Sunday, December 11, 2016

Family Fun

Be yourself. Everyone else is already taken.
Oscar Wilde

Growing up, my parents dressed up in costumes at any opportunity, and were big practical jokers, and my brother and I inherited those traits. We all love an excuse to dress up.  My parents always had a dresser full of different parts and pieces -- wigs, hats, boas, masks. Once, my dad got ready to leave for a party with an Uncle Sam hat on, rubber snakes coming out of it, wearing a hospital gown and carrying a briefcase--even he didn't know who he was supposed to be--but he was excited about what he was wearing and ready to go.

One of my childrens' favorite stories is when I was about 16 and my brother 19, the summer after his first year in college. There was a huge masquerade party with half of the town invited. As we "Came Of Age" in the 1980s, I dressed like Joan Jett and he was Sting. I had spiky black hair and high heels that I could barely walk in, even when I hadn't had a couple of drinks. We spray painted my brother's hair gold and he wore tight rock and roll clothes. We acted like a couple of hooligans all night. My parents had declined the invitation for the party, preferring to go out to dinner instead. The event was outdoors and really crowded, and very hot, as it was August in Virginia. At one point during the party two people showed up in long black robes and rubber masks that completely hid their faces. Everyone was talking about them because no one knew who they were--this was a small town--who was crashing the party? And no one could believe they could stand to wear those hot rubber masks as the humidity was crushing. The one dressed like the little old lady came up and pinched me at one point and asked me if I was old enough to be drinking beer. I'm sure I said something rude to her. They were the talk of the party, and eventually left quietly. The next day we filled in my parents on (some of) our exploits and talked about all of the costumes.

Skip ahead about 4 months. It was Christmas Day, and we had just finished opening all our gifts. My mother asked if I'd opened a box with a new purse in it. When I told her I hadn't she told me she must have forgotten it, and sent me up to her closet where she hid all our gifts (of course I knew that, so very few of the gifts were actually a surprise). I opened an old hat box, looking for the forgotten purse, and I pulled out -- 2 rubber masks.(!) oh no oh no oh no !!!!!!  What had they seen me doing at the party?.. I started yelling for my brother, and my parents realized their gig was up.  Flies on the wall, in costume.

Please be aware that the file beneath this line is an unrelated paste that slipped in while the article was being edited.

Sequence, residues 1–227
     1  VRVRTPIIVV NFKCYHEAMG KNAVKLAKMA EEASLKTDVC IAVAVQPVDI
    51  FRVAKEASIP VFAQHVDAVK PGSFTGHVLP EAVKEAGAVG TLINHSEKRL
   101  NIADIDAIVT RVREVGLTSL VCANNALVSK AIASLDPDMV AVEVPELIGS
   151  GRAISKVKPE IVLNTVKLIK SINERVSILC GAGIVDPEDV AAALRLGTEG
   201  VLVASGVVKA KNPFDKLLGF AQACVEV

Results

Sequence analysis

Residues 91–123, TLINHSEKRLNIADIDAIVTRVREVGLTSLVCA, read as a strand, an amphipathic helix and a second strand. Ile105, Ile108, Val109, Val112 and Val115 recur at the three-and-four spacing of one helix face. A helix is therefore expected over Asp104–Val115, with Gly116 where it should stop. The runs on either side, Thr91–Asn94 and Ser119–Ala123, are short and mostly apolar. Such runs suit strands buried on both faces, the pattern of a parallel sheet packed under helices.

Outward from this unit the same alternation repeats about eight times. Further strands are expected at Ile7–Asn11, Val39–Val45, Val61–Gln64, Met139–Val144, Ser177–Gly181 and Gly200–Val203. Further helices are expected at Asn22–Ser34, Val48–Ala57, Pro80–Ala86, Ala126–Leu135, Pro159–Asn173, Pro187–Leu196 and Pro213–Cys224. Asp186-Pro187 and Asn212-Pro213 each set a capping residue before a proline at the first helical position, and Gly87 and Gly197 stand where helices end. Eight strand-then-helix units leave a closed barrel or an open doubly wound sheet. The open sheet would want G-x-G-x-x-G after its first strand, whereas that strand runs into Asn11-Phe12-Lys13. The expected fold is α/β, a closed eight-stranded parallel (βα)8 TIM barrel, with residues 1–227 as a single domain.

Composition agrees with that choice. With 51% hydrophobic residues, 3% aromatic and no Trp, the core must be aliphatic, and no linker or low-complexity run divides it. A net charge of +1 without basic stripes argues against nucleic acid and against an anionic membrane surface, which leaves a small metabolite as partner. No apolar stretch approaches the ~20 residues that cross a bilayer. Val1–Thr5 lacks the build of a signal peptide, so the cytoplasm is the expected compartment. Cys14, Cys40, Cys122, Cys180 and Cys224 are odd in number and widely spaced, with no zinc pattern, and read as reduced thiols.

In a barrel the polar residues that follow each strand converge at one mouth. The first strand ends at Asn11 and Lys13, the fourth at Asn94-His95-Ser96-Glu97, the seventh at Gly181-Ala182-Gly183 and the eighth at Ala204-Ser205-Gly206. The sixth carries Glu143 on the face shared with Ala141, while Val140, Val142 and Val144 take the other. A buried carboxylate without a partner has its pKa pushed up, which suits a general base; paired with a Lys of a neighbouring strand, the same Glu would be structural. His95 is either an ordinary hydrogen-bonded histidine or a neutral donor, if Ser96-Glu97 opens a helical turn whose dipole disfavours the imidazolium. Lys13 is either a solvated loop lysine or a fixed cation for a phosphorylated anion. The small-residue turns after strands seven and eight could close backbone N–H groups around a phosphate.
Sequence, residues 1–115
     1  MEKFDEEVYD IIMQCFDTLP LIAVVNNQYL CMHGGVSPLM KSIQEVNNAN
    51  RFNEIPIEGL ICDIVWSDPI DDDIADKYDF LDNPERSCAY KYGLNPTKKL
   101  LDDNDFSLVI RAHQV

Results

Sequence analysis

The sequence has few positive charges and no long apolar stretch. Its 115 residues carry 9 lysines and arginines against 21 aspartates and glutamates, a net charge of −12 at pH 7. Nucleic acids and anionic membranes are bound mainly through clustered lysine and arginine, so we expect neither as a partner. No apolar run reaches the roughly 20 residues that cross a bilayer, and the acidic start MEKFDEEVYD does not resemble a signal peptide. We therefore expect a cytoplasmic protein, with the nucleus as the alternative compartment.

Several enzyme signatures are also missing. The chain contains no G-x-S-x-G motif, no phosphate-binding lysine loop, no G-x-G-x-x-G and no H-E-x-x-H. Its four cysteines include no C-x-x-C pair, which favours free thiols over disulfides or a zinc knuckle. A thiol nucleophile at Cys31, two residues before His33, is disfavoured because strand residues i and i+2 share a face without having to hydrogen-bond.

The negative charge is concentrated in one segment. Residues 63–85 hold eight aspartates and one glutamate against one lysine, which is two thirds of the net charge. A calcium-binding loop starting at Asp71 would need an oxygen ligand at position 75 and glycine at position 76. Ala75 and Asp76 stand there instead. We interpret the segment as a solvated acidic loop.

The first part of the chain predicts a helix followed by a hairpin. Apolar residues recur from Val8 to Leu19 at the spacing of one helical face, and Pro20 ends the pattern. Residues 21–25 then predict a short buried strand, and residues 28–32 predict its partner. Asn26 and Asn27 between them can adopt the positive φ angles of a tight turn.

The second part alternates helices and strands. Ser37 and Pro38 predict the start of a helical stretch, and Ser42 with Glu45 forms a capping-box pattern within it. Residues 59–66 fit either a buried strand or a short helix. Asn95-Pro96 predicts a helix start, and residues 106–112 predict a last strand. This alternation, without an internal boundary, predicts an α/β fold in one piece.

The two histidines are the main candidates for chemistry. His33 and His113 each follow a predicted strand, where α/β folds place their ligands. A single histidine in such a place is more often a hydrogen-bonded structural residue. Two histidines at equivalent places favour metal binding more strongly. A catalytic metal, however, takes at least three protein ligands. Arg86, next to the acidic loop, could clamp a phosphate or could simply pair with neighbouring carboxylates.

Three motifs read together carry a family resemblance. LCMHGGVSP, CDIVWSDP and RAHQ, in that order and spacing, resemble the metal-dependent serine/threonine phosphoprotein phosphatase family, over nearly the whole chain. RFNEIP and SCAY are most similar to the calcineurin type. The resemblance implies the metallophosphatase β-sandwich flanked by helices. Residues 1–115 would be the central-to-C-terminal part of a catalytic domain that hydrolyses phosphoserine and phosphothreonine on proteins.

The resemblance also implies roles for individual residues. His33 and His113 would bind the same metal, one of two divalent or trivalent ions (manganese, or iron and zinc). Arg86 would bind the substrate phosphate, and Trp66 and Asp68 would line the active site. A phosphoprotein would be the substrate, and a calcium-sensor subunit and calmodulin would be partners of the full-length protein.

Many many costumes and excuses to dress up have followed. Then I had children and making their costumes took over interest I had in dressing up myself. But several years ago, a new excuse for creative costuming has emerged.

We started a new tradition of flying to my brother's family 's house for Thanksgiving.  We always arrive late at night and he picks us up with a cooler full of our favorite beverages. The first year we flew to Austin, and he wanted to demonstrate how he had become a "real" Texan. Head to toe in jeans, cowboy boots, a ten gallon hat, and yes, even a Bolo tie (I hadn't seen one since the 80s)! And we promptly got into his pickup truck.  That was the first.

The next year, Chapter 2. He showed up at the airport in a black suit, dark sunglasses, and a sign with our name, looking like a chauffeur. Just like Hoke in Driving Miss Daisy.

Last year my mother and I decided to take our turn, so when we picked them up at the airport at Christmas we were dressed like the Beverly Hillbillies, complete with a misspelled sign with their name, and took it even further by blacking out our teeth. I wore a blond wig that looked like a curly perm and a pillow under my wife beater tee for a big belly. His plane ended up being late so we sat in the airport looking like fools for an hour and a half. My Mom and I laughed at each other for the entire wait. For the rest of my days I will never forget the look on my brother's face when he realized who the country bumpkins were-- it still makes me laugh.

(An aside: when my Mama first appeared that night in costume I was quick enough to catch a video of her, with a memorable statement that she spontaneously came out with. All of her grandchildren, et al repeat this statement every single time we see her. My oldest son even took the video and put it through an Auto Rap app. I'm sorry I've been forbidden to show it here).

We have just returned from their new home in Florida, from Thanksgiving. We assumed that my brother would be in costume, but we decided to catch him off guard, and arrive in costumes ourselves.  I bought some black hats for my boys, my mom found a couple of old calico dresses and  rush-ordered some bonnets from Amazon. The pilgrims were about to arrive!

We did surprise him, and puzzled quite a few people in the airport when the group (some of who looked like Hasidic Jews) greeted and stood with the surfer dude.

Anyway, here's what I've been working on this week.